Sphingosine-1-phosphate receptor 1 in classical Hodgkin lymphoma: Assessment of expression and role in cell migration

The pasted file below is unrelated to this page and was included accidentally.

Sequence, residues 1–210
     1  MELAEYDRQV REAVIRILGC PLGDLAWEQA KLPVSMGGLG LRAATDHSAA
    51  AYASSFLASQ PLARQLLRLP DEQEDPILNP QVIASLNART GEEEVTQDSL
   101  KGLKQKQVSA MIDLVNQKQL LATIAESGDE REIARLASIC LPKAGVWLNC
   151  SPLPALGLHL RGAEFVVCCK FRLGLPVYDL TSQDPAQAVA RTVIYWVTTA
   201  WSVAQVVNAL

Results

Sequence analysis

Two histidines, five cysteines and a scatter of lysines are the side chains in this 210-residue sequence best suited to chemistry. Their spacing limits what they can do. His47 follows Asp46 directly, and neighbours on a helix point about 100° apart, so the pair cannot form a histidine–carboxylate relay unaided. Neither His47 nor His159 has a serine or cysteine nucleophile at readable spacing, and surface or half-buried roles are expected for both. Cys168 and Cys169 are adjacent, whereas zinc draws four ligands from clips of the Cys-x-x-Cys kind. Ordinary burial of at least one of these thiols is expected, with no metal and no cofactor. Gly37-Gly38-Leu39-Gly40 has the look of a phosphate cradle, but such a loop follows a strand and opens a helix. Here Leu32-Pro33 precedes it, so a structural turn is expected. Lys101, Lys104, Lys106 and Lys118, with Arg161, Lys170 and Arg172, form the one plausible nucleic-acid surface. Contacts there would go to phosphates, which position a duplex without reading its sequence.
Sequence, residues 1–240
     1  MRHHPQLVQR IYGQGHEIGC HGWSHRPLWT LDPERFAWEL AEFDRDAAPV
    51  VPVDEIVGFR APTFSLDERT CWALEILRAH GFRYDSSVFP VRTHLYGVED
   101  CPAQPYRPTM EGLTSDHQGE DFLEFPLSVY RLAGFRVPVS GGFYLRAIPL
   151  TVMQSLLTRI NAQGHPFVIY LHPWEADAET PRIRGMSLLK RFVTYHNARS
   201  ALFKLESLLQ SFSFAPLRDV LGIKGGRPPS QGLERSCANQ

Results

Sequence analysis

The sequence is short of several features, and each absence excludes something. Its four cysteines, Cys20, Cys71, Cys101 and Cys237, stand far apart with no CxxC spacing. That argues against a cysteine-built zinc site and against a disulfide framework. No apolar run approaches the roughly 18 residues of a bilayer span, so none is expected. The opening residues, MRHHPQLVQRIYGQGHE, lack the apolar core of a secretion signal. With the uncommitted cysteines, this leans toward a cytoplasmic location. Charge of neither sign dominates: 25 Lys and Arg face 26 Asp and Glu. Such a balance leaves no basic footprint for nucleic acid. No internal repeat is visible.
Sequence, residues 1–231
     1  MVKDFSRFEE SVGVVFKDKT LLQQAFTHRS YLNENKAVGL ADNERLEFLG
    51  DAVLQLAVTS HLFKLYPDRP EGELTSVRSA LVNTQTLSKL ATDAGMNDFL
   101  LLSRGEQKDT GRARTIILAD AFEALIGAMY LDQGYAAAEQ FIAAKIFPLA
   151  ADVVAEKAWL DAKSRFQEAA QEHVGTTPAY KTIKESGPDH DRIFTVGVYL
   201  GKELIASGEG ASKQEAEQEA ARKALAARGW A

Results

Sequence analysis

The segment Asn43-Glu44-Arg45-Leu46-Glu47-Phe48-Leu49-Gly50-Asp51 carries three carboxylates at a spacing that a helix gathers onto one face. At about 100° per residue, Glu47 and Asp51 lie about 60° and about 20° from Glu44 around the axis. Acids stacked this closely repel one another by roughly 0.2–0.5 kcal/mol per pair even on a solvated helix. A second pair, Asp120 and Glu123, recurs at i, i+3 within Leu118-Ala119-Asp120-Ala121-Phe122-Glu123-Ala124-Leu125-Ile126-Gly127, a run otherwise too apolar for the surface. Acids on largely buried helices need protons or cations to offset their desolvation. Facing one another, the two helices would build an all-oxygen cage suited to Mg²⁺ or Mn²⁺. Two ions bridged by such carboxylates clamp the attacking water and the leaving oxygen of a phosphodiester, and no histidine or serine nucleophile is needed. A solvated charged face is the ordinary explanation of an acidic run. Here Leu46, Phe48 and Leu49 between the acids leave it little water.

Classical Hodgkin lymphoma (CHL), a neoplasm of abnormal B lymphocytes (Hodgkin-Reed-Sternberg (HRS) cells), has been described to have a typical pattern of clinical presentation and dissemination often involving functionally contiguous lymph nodes. Despite the progress made in understanding CHL pathophysiology, the factors that regulate the spread of lymphoma cells in CHL are poorly understood. Sphingosine-1-phosphate (S1P), a bioactive sphingolipid present at high concentrations in the plasma and lymphatic fluid, is known to have a critical role in regulating lymphocyte trafficking mainly through sphingosine-1-phosphate receptor 1 (S1PR1). In this study, we explore the role of the S1P-S1PR1 axis in Hodgkin lymphoma cell migration and the expression of S1PR1 in CHL cell lines and clinical cases. We found that S1PR1 is present in the KM-H2 and SUP-HD1 Hodgkin lymphoma cell lines at the mRNA and protein level. In addition, functionally, S1P potently stimulated migration of both cell lines. S1P-induced migration was inhibited by the S1PR1 antagonist, VPC44116, and the S1PR1 functional antagonist, FTY720-P, but was potentiated by the S1PR2-specific antagonist, JTE013. We also determined that S1PR1 induced migration in the KM-H2 and SUP-HD1 cells via the heterotrimeric G-protein Gi and the phosphatidylinositol-3-kinase pathway. Immunohistochemical assessment of the tissue from CHL samples revealed that a subset of cases (7/57; 12%) show strong, membranous staining for S1PR1 in HRS cells. Altogether, our data indicate that S1PR1 is a functional receptor on HRS cells, which governs tumor cell migration and is expressed in a subset of CHL cases. Given the availability of S1PR1 antagonists, some of which are used clinically for modulation of the immune system, these results suggest that S1PR1 could be a future therapeutic target in the treatment of those cases of S1PR1-positive, refractory/recurrent CHL.